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The overstimulation of online beauty and the aesthete movement seem to be diluted to give way to a revolutionary act of trends that follow the art of transformation or distortion of bodies, food hacks or anti-fashion. Is ugliness the new punk?

@gabbois

In modern life, narcissism remains at the core of artistic creation: a trend that seems to be drifting towards obsolescence, and a lack of ideas that continue to project that law of attraction. In fact, we have been able to see how both celebrities and designers are experimenting with alteration or distortion, either through their virtual profiles or in real life, advocating the unpleasant, while exhibiting an alternative vision to beauty with which to combat body dysmorphia or unreality on social platforms.

@delablanca_

That disruptive current ranges from ugly cakes on the internet to memes or images on Instagram of distorted bodies and extreme transformations. Beauty is then extracted from horror: an idea already explored in the past by creatives such as Alexander McQueen. All of this exposes, therefore, that aesthetic of anti-beauty with which collectives such as drag constantly interact.

@delablanca_

EXTRACTING BEAUTY FROM HORROR

Instagram then evolves from “absolute aestheticism” to the virtual diary as something “more real or empathetic” that aims to relegate to the background the curated and hedonistic publication that is miles away from reality. The new generations are now attracted by that which is dark, bizarre and different that breaks the monotony, rather than by fictionalized or scripted realities that we reflect on Instagram.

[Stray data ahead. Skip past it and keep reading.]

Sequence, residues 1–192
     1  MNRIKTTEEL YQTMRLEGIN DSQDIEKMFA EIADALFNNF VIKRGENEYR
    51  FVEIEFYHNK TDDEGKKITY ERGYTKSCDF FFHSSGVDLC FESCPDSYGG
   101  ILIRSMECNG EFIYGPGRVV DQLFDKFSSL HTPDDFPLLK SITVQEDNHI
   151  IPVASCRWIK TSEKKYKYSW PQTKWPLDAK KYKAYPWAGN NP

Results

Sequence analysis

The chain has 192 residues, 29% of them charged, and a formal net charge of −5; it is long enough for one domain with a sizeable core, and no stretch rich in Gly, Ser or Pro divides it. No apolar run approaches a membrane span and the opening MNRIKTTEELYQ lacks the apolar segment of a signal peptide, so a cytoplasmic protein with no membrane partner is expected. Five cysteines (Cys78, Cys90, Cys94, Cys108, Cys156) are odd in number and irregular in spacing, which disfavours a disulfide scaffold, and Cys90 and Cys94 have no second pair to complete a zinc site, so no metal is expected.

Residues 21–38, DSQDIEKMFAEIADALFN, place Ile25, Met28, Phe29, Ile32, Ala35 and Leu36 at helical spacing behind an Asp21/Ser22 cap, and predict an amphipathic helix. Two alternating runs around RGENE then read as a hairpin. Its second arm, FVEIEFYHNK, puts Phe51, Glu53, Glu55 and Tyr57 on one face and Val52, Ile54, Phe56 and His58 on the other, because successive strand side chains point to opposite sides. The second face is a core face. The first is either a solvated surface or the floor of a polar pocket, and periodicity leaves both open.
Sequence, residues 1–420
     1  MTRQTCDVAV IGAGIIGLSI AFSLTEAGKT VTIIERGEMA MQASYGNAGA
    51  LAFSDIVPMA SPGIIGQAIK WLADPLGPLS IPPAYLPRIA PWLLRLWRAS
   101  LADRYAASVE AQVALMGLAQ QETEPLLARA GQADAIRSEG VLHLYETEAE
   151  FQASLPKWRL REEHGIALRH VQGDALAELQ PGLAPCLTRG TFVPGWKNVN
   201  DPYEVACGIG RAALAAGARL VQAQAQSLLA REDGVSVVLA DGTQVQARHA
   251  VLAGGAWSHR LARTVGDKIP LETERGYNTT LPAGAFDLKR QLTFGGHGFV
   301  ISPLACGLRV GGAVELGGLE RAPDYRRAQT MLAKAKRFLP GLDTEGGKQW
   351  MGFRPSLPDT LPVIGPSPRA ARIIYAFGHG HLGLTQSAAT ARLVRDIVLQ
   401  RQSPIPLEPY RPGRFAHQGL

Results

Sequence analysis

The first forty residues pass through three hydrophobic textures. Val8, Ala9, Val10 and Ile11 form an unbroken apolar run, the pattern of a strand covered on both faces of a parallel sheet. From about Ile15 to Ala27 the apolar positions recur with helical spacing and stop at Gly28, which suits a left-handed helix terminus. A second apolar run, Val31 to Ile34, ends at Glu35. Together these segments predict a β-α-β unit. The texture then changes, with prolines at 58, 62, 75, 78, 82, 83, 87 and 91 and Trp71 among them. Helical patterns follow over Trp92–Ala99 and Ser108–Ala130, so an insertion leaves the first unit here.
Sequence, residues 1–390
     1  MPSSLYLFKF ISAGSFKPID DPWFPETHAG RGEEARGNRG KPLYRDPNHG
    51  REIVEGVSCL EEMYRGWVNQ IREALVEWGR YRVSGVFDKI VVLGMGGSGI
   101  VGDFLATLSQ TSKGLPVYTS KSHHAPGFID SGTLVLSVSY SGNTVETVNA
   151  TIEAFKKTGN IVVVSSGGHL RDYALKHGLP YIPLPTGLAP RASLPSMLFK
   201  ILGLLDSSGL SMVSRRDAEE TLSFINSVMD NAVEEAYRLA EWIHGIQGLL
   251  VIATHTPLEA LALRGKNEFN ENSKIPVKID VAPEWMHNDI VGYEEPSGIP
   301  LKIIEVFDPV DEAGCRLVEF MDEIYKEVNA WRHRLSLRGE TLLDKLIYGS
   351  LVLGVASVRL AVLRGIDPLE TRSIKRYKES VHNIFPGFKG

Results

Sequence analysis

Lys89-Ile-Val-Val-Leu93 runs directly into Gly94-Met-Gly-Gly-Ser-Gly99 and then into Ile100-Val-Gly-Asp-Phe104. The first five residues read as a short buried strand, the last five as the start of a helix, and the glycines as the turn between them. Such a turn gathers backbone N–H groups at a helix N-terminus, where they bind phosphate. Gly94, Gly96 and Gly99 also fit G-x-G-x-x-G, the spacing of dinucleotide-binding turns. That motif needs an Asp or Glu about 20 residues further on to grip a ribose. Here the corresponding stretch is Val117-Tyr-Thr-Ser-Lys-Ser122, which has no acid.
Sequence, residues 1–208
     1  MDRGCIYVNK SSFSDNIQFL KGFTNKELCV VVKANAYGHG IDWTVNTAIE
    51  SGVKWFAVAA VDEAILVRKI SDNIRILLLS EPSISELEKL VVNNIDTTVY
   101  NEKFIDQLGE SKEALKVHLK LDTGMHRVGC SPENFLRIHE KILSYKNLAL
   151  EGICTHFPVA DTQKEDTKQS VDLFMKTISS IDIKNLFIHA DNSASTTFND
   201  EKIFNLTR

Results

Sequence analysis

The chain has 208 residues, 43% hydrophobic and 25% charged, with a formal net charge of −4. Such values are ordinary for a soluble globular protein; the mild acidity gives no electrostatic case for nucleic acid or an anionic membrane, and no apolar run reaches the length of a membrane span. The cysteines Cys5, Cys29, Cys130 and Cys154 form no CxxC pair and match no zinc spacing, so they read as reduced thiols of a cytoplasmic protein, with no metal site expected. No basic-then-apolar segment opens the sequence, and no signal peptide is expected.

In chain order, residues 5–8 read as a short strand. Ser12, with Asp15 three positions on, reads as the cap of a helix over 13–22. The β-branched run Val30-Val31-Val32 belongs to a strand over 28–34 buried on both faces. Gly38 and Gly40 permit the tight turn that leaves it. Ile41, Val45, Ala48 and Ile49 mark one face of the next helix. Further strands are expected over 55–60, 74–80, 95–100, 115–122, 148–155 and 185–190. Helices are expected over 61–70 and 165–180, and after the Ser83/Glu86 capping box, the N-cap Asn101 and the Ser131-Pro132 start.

Precisely that shock or twist that provides the grotesque is what has led him to virality, leading to infinite creators to express their creativity at other artistic levels, such as Gab Bois or other artists like Javier de la Blanca who experiment and alter bodies, or hacking food, advocating surrealism, gore and strange. Something that also moves to Twitter or Youtube through videos of fetish food “sploshing”.

In this sense, even if it is a countercultural movement in essence, at the end of the day, “ugly” is definitely in fashion, as Julia Fox sentences. Therefore, if unsightliness becomes a trend, it establishes itself as the new standard. Even so, both ugly fashion and decadent art are provoking a change in the collective mentality, and a creative turn that could be an escape route for a society tired and bored of established norms and canons.

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